In the area of Cejl, during the 19th century, the Pavlač buildings were built for the workers of the neighbouring factories – for Czechs, Jews and Germans. This is perhaps where the Brno dialect, Hantec, comes from. That specific brno dialect of the working classes, combining elements of Yiddish, Czech and German. The small rooms were often occupied by large families, who shared social areas. The only source of drinking water was in the courtyard. Back in 1907, the local press was writing about the catastrophic hygienic conditions and the poor health of the workers both from their working conditions and the home condition, all of which contributed to the high death rate among the inhabitants.
Stained Glass at Museum of Applied Arts Photo David Tieku
Museum of Applied Arts (Husova 14)
At the end of the 19th Century, when Brno was a mighty european textile player, the factory owners here had influence and wealth. In some cases they even wanted to give back to the city, regardless of their origin. They formed a Moravian Industrial Society, which support cultural and social activities. They also built the neo-renaissance Museum of Applied Arts, designed by J.G. Schoen. As well as financing the building, they also collected together unique artefacts and exhibitions, which were intended for the edification of Moravia. Among the Czech, Jewish and German donors, Theodor Offerman stands out for his generosity.
Koeffiler Manufacturing and Šmálka Photo Viola Hertelová
Koeffiler Manufacturing and Šmálka (Lidicka, Mezirka)
The history of Brno’s textile industry goes back the middle of the 18th century, when J.L. Koeffiler founded his first manufacturing site where the Hotel Slovan is today. The factory, along with its workers was taken over by Heinrich Schmal – after whom the area was named, Šmálka. In 1870, the famous architect Adolf Loos was born here.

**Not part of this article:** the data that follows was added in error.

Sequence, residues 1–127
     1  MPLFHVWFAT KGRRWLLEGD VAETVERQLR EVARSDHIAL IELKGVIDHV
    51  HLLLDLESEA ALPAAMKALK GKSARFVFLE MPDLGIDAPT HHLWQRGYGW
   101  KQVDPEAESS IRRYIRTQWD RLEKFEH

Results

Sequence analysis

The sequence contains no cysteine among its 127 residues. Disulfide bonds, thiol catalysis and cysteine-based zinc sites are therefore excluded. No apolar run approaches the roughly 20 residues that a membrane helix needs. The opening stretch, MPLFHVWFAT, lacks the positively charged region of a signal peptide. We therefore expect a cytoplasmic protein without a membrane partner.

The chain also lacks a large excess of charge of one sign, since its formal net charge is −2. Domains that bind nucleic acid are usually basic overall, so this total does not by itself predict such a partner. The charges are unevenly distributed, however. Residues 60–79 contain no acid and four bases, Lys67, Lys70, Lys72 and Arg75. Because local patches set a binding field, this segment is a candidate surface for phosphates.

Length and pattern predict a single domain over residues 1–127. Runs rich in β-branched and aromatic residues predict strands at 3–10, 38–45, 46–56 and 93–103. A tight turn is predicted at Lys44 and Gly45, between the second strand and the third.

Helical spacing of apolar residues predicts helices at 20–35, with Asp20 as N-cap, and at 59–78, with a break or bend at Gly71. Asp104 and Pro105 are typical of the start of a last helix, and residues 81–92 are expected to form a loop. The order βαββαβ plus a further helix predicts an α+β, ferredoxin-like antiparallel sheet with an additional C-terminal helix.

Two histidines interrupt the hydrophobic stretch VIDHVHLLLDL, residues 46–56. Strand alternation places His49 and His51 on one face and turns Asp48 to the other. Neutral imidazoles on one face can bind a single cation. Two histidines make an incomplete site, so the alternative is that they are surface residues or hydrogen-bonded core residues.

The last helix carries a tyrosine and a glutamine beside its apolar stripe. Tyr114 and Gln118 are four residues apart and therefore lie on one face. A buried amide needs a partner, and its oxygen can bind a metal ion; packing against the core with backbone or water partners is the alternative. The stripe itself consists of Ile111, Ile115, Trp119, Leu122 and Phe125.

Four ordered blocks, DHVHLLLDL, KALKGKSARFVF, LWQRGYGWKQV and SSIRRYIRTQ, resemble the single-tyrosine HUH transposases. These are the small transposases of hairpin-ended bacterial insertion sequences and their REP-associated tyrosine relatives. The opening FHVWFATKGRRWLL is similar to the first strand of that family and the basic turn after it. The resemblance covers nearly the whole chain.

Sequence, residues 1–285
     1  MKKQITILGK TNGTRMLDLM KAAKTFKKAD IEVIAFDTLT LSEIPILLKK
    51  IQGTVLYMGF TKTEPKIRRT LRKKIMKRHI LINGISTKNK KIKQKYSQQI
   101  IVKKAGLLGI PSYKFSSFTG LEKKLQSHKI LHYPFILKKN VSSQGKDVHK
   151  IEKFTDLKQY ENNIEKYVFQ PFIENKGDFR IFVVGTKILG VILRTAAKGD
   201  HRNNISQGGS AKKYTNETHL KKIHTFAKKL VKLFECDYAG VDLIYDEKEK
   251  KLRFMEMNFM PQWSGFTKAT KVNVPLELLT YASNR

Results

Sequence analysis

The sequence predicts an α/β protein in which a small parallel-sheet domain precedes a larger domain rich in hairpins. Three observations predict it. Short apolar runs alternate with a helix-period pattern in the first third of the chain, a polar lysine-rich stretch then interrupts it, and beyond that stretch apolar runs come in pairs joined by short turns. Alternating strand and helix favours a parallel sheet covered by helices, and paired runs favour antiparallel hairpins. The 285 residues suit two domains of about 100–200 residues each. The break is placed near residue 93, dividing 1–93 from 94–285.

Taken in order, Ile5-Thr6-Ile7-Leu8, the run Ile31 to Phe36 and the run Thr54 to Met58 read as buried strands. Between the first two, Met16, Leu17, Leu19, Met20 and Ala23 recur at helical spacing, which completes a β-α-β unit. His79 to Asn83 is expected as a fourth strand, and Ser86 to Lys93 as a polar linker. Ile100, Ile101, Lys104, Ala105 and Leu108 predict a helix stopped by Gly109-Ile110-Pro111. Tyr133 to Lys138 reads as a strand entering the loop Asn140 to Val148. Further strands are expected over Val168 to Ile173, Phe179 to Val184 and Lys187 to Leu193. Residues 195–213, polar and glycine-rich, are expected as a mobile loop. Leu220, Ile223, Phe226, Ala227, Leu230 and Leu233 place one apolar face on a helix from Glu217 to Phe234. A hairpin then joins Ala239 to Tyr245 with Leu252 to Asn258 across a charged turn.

Textile School Photo Viola Hertelová
Textile School, Francouzska 101
The successful textile industry encouraged the factory owners to consider the education of their workers. They founded a school, to educate managers, masters and specialist workers. It soon became the foremost school of its type in the Austro-Hungarian empire.
Vlněna Photo Viola Hertelová
Vlněna a Mosilana (Přízova, Špitálka)
After the 2nd World War, all factories in Brno were nationalised. The new concerns were, Vlněna, based in the Neumark factory and the beautiful Bochner palace on Dornych and Mosilana which lay between Křenova and Radlas. The pressures of ill-conceived privatisation in the early 1990s, more or less killed off both companies.